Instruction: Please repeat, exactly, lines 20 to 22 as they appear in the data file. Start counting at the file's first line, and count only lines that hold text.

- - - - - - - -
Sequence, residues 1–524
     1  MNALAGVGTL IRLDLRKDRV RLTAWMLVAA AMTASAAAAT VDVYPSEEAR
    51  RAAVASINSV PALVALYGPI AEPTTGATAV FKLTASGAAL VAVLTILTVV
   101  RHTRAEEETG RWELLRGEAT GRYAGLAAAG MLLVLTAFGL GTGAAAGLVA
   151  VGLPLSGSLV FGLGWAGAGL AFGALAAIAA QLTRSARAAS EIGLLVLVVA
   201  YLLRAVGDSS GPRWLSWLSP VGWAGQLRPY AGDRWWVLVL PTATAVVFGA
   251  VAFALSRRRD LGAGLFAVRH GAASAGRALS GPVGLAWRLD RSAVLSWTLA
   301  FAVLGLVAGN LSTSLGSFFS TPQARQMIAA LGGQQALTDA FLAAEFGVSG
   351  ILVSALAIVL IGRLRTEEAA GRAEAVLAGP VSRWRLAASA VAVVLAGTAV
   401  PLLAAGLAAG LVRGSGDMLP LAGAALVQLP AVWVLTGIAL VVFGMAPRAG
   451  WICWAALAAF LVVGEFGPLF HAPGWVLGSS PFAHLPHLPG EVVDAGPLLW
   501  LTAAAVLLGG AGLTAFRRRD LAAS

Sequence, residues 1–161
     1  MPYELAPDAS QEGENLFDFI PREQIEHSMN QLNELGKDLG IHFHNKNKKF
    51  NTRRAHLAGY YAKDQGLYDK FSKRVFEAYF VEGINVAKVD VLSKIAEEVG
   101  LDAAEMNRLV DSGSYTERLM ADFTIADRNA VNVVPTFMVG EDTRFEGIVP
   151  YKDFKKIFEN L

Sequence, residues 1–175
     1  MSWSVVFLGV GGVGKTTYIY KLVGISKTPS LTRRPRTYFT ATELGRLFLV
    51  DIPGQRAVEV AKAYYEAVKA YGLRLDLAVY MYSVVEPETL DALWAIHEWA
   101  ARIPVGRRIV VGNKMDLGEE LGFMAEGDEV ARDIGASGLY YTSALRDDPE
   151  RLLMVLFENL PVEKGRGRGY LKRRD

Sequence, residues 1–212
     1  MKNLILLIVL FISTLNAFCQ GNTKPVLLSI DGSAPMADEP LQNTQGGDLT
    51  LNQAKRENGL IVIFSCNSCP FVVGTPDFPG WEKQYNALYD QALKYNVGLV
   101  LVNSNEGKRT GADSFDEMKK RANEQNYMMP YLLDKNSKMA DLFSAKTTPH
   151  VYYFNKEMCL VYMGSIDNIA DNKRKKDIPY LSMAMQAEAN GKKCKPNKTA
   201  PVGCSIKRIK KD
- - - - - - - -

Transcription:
    51  DIPGQRAVEV AKAYYEAVKA YGLRLDLAVY MYSVVEPETL DALWAIHEWA
   101  ARIPVGRRIV VGNKMDLGEE LGFMAEGDEV ARDIGASGLY YTSALRDDPE
   151  RLLMVLFENL PVEKGRGRGY LKRRD